Parts of this post were used in Aggravated.
The prosecution called two expert witnesses. We’ve already covered Ada Dixon. This post is about the other one, Blake Goudy, the man who gave the speech that day at Hanna’s school. Goudy said he only spoke to Hanna for fifteen minutes, so all he could say was that she had told him she had been molested, and that he counseled her about what to do next. He also testified that she named Steve as her molester, even though (as I cover in Aggravated) she might not have given him anyone’s name. Even with such a limited amount of information from Goudy, the prosecution still managed to fill up thirty-two pages of the second trial’s transcript with an accounting of Goudy’s credentials and a repeat of nearly everything Hanna had been telling the jury. The questions to him about abuse were all couched in hypothetical terms, but they patterned everything Hanna said. So, even though Goudy had no direct knowledge of what happened to Hanna, Ross managed to let the jury hear an authority figure appear to corroborate Hanna’s testimony.
Ross began by simply asking Goudy what he did for a living. He said, “I currently am an independent social services contractor providing services to a number of entities in Texas, including In-Home Parenting.” He also added a whole list of previous jobs and training: “a licensed chemical dependency counselor intern,” spent “eight years with Child Protective Services as lead investigator,” was “a certified parenting specialist,” and was “a specialized investigator who worked all over the State of Texas.” He also said he had worked “over 1,200 investigations of child abuse and neglect,” did a three month training through CPS,” plus “800 hours of continuing education hours” from “the University of Texas and also the Dallas Police Department’s Crimes Against Children’s Unit.” Ross asked him if he had testified in Texas courts as a child abuse expert before.” Goudy said that he had, “numerous times.”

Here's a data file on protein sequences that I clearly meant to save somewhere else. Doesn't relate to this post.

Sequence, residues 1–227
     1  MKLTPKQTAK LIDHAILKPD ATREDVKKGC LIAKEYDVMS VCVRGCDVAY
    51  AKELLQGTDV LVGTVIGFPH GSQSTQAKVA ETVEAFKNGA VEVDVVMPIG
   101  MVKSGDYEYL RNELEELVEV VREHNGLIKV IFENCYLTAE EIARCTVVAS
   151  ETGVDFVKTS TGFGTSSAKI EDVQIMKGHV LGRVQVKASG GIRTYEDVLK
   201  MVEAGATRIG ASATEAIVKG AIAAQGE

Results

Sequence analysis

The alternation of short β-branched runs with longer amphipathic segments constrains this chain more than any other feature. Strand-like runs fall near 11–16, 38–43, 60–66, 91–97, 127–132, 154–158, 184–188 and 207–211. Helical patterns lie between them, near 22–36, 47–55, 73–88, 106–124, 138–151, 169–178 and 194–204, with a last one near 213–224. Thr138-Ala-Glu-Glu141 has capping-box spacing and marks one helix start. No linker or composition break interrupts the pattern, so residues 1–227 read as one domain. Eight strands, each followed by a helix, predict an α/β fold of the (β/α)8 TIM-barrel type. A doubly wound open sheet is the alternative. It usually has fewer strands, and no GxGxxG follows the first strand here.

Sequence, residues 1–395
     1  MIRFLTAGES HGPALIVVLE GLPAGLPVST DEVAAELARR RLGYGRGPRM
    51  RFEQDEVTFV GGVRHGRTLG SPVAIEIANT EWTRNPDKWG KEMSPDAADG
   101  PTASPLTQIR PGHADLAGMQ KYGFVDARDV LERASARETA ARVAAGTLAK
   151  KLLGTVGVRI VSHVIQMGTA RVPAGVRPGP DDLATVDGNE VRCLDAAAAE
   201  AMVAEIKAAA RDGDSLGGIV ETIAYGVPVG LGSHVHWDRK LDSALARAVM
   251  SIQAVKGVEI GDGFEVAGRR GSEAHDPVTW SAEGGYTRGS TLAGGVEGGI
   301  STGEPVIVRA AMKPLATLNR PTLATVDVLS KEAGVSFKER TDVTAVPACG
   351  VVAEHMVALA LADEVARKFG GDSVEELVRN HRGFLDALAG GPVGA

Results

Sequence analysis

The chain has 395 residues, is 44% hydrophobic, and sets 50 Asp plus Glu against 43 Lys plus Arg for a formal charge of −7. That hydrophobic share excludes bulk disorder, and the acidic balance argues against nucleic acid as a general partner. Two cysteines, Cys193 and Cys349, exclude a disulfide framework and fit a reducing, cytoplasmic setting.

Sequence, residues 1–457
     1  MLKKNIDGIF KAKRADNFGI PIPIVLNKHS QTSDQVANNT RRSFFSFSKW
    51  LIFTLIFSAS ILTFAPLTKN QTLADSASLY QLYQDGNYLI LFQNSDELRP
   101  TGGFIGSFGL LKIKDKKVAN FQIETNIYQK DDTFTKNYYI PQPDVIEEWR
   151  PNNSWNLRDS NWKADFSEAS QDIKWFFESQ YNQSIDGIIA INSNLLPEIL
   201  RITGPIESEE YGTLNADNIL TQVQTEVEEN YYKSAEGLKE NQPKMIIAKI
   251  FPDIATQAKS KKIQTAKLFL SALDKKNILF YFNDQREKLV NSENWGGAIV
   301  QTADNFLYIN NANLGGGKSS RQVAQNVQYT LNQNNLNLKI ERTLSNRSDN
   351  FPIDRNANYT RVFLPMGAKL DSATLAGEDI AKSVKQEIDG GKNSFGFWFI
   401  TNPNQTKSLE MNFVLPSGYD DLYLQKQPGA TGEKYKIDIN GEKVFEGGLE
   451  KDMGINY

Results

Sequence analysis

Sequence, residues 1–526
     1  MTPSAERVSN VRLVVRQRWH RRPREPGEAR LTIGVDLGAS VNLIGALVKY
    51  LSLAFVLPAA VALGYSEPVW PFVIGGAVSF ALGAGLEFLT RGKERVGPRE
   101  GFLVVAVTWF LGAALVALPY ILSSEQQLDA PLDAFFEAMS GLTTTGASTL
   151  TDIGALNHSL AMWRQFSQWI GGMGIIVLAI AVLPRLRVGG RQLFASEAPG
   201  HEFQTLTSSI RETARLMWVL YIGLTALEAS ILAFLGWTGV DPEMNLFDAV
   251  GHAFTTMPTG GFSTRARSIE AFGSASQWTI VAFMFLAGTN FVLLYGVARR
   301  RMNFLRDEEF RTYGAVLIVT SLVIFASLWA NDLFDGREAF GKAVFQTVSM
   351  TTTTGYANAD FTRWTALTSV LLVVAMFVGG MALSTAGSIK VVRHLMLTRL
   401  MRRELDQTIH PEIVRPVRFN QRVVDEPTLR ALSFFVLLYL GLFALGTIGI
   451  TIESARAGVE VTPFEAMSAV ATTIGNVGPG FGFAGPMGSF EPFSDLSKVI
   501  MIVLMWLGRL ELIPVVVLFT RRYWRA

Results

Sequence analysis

Ross then asked him if he had personally “treated” many children who had been sexually abused. Even though the question of “treatment” should more properly have been asked of a doctor or psychologist, Goudy said, “I have investigated over 300 allegations of sexual abuse against children involving anywhere from one to six children per investigation.” Ross asked if there were “certain phases or circumstances that occur in the course of a sexually abused child,” and Goudy said, “You see certain traits, you see certain reactions. You just gain a variety of experience in interviewing over 3,000 children during the course of my career.”
Sounds pretty impressive, doesn’t it? Let’s see.
According to results from a TPIA request, Mr. Goudy worked for CPS from September 1, 1992 to September 30, 1999. That’s seven years and one month, which is almost a year short of what he claimed under oath. His record indicated a termination code of “Dislike/Unsuit Assigned Duties.” There’s a fairly large chasm between “disliking” something and being “unsuited” for it, so that’s not particularly helpful in determining what sort of an investigator he was. He graduated at the age of 26, in 1978, with a BS in Sociology from the local college, Stockman University. The trials were 28 years later, so that’s our potential timeline for Goudy’s career activities, 1978 to 2006.